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Showing posts from 2017

Give back to Caesar what is Caesar's and give back to God what is God's

"Give back to Caesar what is Caesar's, and give back to God what is God's."  Ever since the earliest days of the church, I'll bet preachers have been using this Sunday's passage to preach sermons on church - state relationships, or (surprise, surprise), stewardship/annual giving. Certainly, the issue of church-state relationships is important. For a book of historical fiction I intend to write, I've long researched martyrs -- people in every age who had to wrestle with the issue of what to do when the values of their government conflicted with the dictates of God and their own conscience. And I can assure you that throughout human history, "church and state" relationships have been impossible to separate. And obviously stewardship - giving back to God, in thanksgiving, the things that are God's - is important. Indeed, what we do with our money says as much about our relationship to God, and our trust in God as any other single

In order to exhale generosity, we need to inhale gratitude. In order to exhale compassion, we need to inhale forgiveness.

I believe that  actions of generosity  come from an  attitude of gratitude  - our own sense of being blessed in life. Similarly, I believe that  actions of mercy and compassion  come from  appropriating forgiveness  - our own feeling of deeply, fully forgiven. One way I've said this before is  "in order to exhale generosity, we need to inhale gratitude. In order to exhale compassion, we need to inhale forgiveness." But appropriating forgiveness is difficult.  In Sunday's Gospel,  we hear the story of Peter wanting to know what the limits or outer boundaries of forgiveness are.   " How often do I need to forgive someone, Jesus? As many as seven times? " he asks.   " Not seven, but seventy-seven, " Jesus answers.   (What's interesting is the Greek that's translated "seventy-seven" can also be translated seventy-times-seven. So when Peter says " do I really have to forgive  seven  times? ", Jesus says " no,  77 ,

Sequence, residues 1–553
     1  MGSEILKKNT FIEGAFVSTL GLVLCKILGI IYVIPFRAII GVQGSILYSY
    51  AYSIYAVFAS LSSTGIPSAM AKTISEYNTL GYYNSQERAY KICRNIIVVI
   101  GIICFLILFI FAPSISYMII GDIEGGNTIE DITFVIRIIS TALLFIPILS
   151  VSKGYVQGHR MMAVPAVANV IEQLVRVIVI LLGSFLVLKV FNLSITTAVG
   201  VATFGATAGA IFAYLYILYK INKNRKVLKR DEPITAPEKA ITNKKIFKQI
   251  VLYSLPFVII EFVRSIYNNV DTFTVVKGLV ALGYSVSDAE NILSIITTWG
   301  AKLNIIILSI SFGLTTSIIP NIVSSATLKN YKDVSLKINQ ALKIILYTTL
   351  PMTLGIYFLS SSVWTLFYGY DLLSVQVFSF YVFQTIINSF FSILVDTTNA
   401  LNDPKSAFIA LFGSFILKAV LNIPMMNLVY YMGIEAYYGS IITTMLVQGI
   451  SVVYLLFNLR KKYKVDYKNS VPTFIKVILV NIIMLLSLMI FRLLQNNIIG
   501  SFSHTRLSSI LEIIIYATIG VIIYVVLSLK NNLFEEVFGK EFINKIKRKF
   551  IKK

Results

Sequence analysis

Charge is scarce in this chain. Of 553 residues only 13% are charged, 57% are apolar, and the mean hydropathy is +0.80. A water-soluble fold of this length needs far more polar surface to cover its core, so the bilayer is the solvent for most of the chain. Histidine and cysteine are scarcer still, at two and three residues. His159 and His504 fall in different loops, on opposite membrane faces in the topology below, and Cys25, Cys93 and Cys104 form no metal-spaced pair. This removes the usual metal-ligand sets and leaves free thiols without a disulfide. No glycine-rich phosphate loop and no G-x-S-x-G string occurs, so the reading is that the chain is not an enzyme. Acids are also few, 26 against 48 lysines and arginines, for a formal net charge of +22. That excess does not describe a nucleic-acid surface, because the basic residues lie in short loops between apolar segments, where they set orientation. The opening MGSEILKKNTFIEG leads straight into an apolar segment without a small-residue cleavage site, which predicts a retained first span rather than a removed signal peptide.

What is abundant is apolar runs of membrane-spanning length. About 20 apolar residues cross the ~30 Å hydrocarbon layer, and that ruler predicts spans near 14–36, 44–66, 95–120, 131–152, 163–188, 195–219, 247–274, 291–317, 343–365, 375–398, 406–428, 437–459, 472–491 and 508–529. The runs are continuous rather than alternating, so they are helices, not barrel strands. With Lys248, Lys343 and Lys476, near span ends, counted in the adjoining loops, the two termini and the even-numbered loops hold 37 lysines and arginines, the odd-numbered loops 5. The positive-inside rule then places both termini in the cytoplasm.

Long but Interesting Read in "The Atlantic"

This article by Kurt Andersen-- "How American Lost its Mind" in the September 2017 The Atlantic is long, and contains a lot of unfair generalizations (I'm disappointed that he seems to lump all Christians/Christian belief in the same category), but if you want to understand Trump, and Trumpism, worth your time. To whet your appetite, some excerpts: ... "[In 2005], The Colbert Report went on the air. In the first few minutes of the first episode, Stephen Colbert, playing his right-wing-populist commentator character, performed a feature called “The Word.” His first selection: truthiness . “Now, I’m sure some of the ‘word police,’ the ‘wordinistas’ over at Webster’s, are gonna say, ‘Hey, that’s not a word!’ Well, anybody who knows me knows that I’m no fan of dictionaries or reference books. They’re elitist. Constantly telling us what is or isn’t true. Or what did or didn’t happen. Who’s Britannica to tell me the Panama Canal was finished in 1914? If I wanna say it ha

The New Colossal Immigration Mistake